Pro Music Rights sues supermarket giant Meijer for alleged non-payment of public performance license fees

 Pro Music Rights sues supermarket giant Meijer for alleged non-payment of public performance license fees


Florida-based royalty assortment agency Pro Music Rights (PMR) has sued US supermarket chain Meijer for allegedly refusing to pay fees agreed in a contract for a public performance license.

The lawsuit, filed in a Florida court docket final week, alleges {that a} Meijer worker entered right into a contract on behalf of the corporate with PMR.

PMR claims that this contract noticed Meijer comply with a “non-exclusive license to publicly use or perform copyrighted musical compositions” that have been represented by PMR at 256 Meijer areas over 5 years.

The lawsuit alleges that Meijer agreed to this license in alternate for paying PMR $50 per 30 days, per every enterprise location.

With its headquarters in Michigan, Meijer is an American supercenter chain all through the US Midwest. It repoertedly generates over $18bn in annual revenues.

According to PMR’s declare, which you can read in full here,  in mid-June, 2020, Joshua Robinson, known as a ‘Team Leader’ at Meijer, entered right into a written Business License Agreement with PMR on behalf of his employer.

Robinson, continues the grievance, “manually inputted payment information, using [Meijer’s] credit card information, and authorized payments using the provided payment method”.

Whilst coming into into this contract on-line, Robinson was required to manually place a verify mark in a field confirming that he was over 18 and that learn he and understood the phrases of the deal on behalf of Meijer.

Adds the grievance: “Before manually and voluntarily clicking on the hyperlink titled ‘create new account,’ Defendant’s Agent learn the next sentence, stating: ‘Licensee understands that they are taking a license pursuant to the above contract of at least Fifty dollars per location, plus taxes, processing fees and yearly increases, which will be assessed each month and automatically charged.’”

Amongst the six causes of action listed by Pro Music Rights in the lawsuit, the Florida-based firm is seeking an order declaring that a contract exists between PMR and Meijer and that “both parties are legally bound and obligated to perform under the terms of the contract.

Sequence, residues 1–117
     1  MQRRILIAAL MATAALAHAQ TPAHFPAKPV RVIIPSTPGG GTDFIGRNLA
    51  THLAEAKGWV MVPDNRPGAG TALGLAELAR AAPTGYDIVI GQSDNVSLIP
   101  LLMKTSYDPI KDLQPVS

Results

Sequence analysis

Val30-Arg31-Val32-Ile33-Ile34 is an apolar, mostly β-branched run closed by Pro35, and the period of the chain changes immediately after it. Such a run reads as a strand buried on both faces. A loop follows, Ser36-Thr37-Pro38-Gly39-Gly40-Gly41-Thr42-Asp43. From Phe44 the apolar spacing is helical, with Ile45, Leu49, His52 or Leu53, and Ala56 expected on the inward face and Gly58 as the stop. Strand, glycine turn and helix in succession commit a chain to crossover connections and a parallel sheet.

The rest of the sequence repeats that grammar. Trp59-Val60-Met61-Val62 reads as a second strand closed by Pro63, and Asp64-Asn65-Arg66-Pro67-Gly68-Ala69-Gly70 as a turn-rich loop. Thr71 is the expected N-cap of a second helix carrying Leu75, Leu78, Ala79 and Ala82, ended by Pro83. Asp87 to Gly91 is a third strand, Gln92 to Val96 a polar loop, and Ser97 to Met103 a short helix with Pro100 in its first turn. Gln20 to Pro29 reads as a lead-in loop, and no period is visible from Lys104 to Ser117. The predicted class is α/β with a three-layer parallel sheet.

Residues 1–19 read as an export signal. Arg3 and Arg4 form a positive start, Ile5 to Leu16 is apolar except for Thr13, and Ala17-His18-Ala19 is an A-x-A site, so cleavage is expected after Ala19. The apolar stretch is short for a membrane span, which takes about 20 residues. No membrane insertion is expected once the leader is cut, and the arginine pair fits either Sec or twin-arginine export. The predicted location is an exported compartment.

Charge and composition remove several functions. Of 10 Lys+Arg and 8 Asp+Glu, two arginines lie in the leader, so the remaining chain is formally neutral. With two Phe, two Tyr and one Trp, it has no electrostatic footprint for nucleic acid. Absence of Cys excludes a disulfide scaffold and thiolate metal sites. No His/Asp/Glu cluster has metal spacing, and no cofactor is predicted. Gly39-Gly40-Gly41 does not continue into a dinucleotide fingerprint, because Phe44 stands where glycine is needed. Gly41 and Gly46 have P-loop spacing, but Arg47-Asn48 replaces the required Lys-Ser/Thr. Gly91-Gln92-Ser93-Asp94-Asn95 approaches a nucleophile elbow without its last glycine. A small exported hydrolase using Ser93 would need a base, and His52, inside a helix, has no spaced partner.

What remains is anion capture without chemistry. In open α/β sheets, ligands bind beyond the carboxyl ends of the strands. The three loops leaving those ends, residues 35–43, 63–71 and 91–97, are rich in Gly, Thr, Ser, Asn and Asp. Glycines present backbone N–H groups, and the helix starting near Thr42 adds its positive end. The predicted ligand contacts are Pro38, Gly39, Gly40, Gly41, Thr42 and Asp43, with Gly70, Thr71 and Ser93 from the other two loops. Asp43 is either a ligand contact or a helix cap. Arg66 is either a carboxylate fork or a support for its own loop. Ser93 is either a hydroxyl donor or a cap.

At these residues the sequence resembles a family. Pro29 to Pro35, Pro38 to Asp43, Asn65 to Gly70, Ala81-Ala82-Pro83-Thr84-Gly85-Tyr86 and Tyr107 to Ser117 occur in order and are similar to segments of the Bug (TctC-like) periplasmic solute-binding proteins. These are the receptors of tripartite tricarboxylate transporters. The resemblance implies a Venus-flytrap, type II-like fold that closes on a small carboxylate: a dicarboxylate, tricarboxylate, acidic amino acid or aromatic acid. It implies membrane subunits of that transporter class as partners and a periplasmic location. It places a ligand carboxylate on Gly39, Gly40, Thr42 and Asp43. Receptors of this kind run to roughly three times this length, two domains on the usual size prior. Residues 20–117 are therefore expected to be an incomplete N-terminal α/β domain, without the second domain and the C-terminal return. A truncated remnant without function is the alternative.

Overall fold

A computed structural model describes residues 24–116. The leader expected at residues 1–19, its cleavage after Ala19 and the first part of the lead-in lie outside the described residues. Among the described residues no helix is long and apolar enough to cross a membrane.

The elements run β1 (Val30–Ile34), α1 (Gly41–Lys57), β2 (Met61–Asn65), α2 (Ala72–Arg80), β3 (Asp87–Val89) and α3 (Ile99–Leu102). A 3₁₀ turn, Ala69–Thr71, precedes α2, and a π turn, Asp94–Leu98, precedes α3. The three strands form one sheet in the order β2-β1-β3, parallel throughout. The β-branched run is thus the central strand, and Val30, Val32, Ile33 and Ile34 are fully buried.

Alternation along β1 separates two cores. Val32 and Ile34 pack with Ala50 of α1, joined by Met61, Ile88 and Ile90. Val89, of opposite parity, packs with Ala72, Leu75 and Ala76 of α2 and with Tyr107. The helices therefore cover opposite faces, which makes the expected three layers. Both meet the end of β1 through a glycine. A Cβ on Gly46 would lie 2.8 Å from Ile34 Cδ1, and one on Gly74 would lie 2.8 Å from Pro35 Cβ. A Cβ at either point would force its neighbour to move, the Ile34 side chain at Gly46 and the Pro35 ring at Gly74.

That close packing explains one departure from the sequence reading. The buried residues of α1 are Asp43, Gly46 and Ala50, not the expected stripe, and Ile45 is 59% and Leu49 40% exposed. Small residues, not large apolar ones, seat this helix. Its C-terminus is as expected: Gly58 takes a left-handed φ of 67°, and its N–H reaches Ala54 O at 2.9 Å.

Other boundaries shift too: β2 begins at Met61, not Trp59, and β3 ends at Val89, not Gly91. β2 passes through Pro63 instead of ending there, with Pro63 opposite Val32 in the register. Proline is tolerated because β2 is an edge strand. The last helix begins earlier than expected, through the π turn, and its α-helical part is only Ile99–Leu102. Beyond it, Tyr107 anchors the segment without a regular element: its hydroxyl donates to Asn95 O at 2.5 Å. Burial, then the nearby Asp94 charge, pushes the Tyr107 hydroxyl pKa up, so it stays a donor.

In addition to that order, PMR is suing for breach of contract.

Adds the complaint: “With the exception of two payments made to [PMR] on [June] 18, 2020, the Defendant has failed and refuses to acknowledge their duty and obligation to continue to perform conditions, covenants, promises, and agreements required of them under the terms of the Contract.

“The Defendant’s failure to proceed to pay the quantity it knew it owed [PMR] underneath the Contract constitutes a breach of the Contract and Florida legislation.

“Because of Defendant’s failure to carry out their obligations underneath the Contract, Plaintiff has been broken within the sum of $6,264,138.03, which is the remaining worth of the contract that has not been paid.”

The different causes of motion listed within the grievance embody Negligent Misrepresentation; Unjust Enrichment; Promissory Estoppel and Quantum Meruit “in the alternative to its breach of contract claim”.

PMR hit headlines earlier this yr for suing “the entire music industry” over what it alleged was a possible “conspiracy to shut PMR out of the market and to fix prices at infracompetitive levels”.

Another of Noch’s companies, Florida-based impartial music firm Sosa Entertainment LLC, sued Spotify towards the end of last year, claiming, amongst different issues, that Spotify has not paid Sosa full royalties related to over 550 million streams.

Spotify launched a countersuit in May, claiming that its fraud-monitoring crew discovered “unmistakable signs that the streams of Noch and Sosa’s content had been artificially inflated”.

In June, Sosa requested a federal Judge to dismiss Spotify’s countersuit, calling the streaming firm’s motion “procedurally defective” and “legally deficient”.

On July 2, PMR and Napster proprietor Rhapsody jointly filed a notice at the US District Court in Connecticut, stating that the 2 events had agreed that PMR’s motion towards Rhapsody needs to be dismissed “with prejudice”.

On July 8, a near-identical submitting got here from iHeartMedia and PMR, adopted, on July 10, by one other submitting that indicated an agreed dismissal (once more, “with prejudice”) between PMR and UK-based 7Digital.

Most just lately, on Monday (July 27), one other agreed dismissal (once more, “with prejudice”) was filed by the Radio Music License Committee (RMLC), following the identical wording because the others. (You can learn every submitting by way of the related hyperlinks right here.)

Bloomberg Law noted in July that the truth that all of these dismissals have been made “with prejudice” is important, because it suggests that every occasion has been settling out of court docket with PMR. (It additionally means the swimsuit can’t be refiled towards the defendants in every case.)Music Business Worldwide


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